Keeping Autorun enabled on USB and other removable drives has become a significant security risk due to the increasing number of malware variants that can infect them and transfer the infection to your computer. To learn more about this risk, please read:
How do I get help? Who is helping me?For the time will come when men will not put up with sound doctrine. Instead, to suit their own desires, they will gather around them a great number of teachers to say what their itching ears want to hear....Become a BleepingComputer fan: Facebook

#5 jimnor46

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Posted 21 February 2011 - 10:47 AM

Got it taken care of. Once again thanks for your help. :thumbsup:

.

#6 boopme

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Posted 21 February 2011 - 10:57 AM

You're welcome from us all here.
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#7 quietman7

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Posted 21 February 2011 - 02:11 PM

In case you get these types of alerts again right after a Java update, read Can Java downloads be infected with a virus?

Both legitimate and malicious applets / malicious Java class files are stored in the Java cache directory and your anti-virus may detect them as threats.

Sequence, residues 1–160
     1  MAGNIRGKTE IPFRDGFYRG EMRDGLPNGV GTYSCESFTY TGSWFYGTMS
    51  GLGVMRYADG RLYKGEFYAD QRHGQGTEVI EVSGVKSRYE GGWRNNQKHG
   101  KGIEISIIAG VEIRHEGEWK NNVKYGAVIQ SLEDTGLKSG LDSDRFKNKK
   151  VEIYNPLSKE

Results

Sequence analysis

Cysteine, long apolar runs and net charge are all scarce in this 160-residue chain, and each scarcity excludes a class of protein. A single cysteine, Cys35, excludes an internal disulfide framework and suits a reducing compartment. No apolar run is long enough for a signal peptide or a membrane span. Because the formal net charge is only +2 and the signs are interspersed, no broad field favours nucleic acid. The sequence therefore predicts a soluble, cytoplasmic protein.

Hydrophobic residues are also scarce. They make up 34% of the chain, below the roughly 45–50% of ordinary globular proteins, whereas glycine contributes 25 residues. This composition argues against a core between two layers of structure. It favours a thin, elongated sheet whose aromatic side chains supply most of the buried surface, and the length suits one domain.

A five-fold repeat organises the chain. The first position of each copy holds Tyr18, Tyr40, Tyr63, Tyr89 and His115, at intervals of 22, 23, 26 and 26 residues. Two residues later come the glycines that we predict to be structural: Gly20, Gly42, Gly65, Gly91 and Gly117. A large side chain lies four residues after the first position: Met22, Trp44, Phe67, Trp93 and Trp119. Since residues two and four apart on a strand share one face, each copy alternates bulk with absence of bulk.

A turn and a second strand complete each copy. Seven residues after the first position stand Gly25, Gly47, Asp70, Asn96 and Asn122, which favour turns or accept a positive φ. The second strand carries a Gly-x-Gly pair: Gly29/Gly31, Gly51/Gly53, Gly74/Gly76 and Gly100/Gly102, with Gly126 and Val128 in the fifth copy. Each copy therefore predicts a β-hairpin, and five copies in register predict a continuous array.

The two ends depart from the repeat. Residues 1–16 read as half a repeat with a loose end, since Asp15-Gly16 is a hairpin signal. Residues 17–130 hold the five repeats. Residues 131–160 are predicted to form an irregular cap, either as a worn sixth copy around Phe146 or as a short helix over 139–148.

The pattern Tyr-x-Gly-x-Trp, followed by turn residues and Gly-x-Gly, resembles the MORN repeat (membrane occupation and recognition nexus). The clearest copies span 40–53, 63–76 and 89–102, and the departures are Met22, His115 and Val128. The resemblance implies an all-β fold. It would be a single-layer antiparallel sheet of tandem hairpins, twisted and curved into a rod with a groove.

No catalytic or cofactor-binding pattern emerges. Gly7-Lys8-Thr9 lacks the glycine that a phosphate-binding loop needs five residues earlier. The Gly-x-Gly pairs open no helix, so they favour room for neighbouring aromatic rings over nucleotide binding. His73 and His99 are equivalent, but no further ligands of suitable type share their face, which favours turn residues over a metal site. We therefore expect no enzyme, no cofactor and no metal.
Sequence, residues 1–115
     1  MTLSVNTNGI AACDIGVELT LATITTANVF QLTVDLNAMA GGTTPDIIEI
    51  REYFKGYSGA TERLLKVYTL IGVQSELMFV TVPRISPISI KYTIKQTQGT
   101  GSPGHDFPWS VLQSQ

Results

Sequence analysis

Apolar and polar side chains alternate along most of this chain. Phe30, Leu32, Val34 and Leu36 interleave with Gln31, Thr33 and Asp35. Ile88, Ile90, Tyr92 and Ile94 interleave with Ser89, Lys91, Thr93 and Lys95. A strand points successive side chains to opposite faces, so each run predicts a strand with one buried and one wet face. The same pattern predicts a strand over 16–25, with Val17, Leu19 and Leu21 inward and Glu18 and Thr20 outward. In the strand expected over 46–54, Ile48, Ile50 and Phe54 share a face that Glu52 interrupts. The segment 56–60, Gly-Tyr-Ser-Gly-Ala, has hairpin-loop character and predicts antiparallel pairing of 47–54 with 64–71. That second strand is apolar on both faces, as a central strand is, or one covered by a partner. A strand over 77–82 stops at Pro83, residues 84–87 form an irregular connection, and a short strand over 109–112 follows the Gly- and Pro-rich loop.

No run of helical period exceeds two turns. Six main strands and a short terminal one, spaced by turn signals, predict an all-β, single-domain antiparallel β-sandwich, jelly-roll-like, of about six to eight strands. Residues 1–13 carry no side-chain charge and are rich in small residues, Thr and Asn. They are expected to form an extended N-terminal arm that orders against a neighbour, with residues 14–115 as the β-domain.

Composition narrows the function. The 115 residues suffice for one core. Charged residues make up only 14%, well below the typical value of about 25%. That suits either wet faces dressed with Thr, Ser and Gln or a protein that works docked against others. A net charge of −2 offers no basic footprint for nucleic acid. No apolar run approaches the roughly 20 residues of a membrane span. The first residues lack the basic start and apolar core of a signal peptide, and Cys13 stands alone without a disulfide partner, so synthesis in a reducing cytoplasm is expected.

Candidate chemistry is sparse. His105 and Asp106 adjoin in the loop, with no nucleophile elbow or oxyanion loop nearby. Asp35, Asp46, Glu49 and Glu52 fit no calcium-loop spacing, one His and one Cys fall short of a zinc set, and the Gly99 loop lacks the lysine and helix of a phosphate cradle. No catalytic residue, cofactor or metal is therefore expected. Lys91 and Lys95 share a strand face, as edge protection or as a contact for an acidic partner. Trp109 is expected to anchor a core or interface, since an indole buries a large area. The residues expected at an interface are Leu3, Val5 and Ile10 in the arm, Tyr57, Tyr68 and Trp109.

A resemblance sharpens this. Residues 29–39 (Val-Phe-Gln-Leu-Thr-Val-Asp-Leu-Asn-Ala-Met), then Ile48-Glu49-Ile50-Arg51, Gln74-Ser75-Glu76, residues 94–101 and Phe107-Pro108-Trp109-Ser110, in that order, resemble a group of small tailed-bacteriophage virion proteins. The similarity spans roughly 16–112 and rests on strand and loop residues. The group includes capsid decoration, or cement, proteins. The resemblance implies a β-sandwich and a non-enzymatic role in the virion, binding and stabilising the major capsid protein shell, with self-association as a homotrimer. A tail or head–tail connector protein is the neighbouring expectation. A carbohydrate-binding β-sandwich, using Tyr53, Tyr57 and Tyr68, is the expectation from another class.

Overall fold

.
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#8 jimnor46

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Posted 21 February 2011 - 02:37 PM

Interesting reading quietman7. I thought that I might have gotten a false-positive alert because it happened the day after I did the updates and both alerts were on Java. But what the heck, better be safe than sorry that's why I went ahead and deleted them and did the cleanup that Boopme suggested.

I hope y'all don't mine but I recommend this site to people all the time. I belong to a homesteading website that has a computer forum and I've posted y'alls website there several times when someone needed help. Just last week one of the members said "bleepingcomputer.com rocks." She had an infected computer that a computer tech had charged her $95 to clean up and then told her it wasn't possible, to just reinstall her OS. She came here to BC and y'all helped her clean it up FOR FREE. Needless to say she thinks y'all are absolutely great, which I agree.

Thanks again, the help was greatly appreciated. :thumbsup:


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#9 quietman7

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Posted 21 February 2011 - 06:17 PM

better be safe than sorry that's why I went ahead and deleted them and did the cleanup that Boopme suggested.

I agree and usually recommend the same as a precaution.

Thank you for the kind words and recommendation. :thumbup2: